Optimizing data pipelines during mergers and acquisitions
The technology integration process that occurs as a result of mergers and acquisitions (M&A) can be complex and broad, ranging from re-platform to re-architecture. Planning for a technology integration can take months. While CFOs make sure of compliance with local and global requirements, such as exposure reporting, OFAC screening, and customer communication, CIOs are involved with the technology assessment of the licensing life cycle, data integration, application inventory assessment, and final decision to integrate to one core banking software or continue to run two separate platforms. The assessment period continues for months while regulatory requirements dictate for all activities to be completed under one commercial entity. The requirements range from fraud detection to anti-money-laundering (AML) and the bank secrecy act.
In this post, we’ll explore the interim-stage activities of an acquisition and share an “M&A Data Factory” architecture built on an AWS analytical platform. The M&A Data Factory acts as an integration hub for post-closing compliance activities. Furthermore, it will provide a repeatable platform with architectural components that can be reused in case of multiple acquisitions.
Core banking functions
Let’s look at the most common architecture used across financial institutions to support down-stream regulatory feeds (see the following figure).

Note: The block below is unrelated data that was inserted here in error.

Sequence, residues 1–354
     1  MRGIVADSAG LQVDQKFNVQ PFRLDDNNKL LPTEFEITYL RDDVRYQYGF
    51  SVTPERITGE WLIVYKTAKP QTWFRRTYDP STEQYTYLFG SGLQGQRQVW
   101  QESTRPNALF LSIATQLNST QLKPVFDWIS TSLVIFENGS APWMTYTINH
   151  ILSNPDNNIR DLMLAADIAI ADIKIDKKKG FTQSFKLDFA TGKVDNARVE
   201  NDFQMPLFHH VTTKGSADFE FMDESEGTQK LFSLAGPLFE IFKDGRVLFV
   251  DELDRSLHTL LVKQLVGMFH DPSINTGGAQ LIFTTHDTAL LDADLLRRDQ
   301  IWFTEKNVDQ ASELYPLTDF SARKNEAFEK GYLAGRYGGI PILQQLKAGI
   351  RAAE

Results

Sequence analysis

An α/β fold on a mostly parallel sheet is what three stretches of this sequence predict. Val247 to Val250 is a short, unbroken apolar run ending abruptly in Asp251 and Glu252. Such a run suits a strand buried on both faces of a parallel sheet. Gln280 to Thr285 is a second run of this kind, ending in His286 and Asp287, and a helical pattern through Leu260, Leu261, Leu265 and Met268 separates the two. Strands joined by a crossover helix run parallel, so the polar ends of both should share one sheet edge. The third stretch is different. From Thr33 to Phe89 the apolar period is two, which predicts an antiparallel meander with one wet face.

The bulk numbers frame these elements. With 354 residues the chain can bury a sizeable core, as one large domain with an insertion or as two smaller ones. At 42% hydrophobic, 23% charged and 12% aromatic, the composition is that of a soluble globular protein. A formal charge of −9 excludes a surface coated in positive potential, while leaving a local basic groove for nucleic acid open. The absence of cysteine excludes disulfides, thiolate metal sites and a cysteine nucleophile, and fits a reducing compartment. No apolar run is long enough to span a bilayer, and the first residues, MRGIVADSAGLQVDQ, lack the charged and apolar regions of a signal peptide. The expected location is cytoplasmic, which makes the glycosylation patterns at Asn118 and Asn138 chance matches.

The majority of financial institutions maintain several stacks of origination and servicing software applications. They range from retail banking applications to credit card and commercial lending servicing and origination.
Each source system application has been selected and developed to support specific business functionality. Each maintains specific customer-to-product relationships and transactions.
However, they don’t support cross-application data synchronization and consolidated regulatory reporting. Enterprise-wide regulatory reporting requires the total product, relationship, and transaction data of every customer. For example, a credit card servicing application wouldn’t have any information regarding retail banking transactions and vice versa.
Therefore, most organizations will have a centralized Extract, Transform, and Load (ETL) hub where all of the source system transactions are stored, cleaned, conformed, and integrated to provide a 360-degree view of every customer, their entire relationship, and all translations.
Figure 1 The common architecture for core banking functions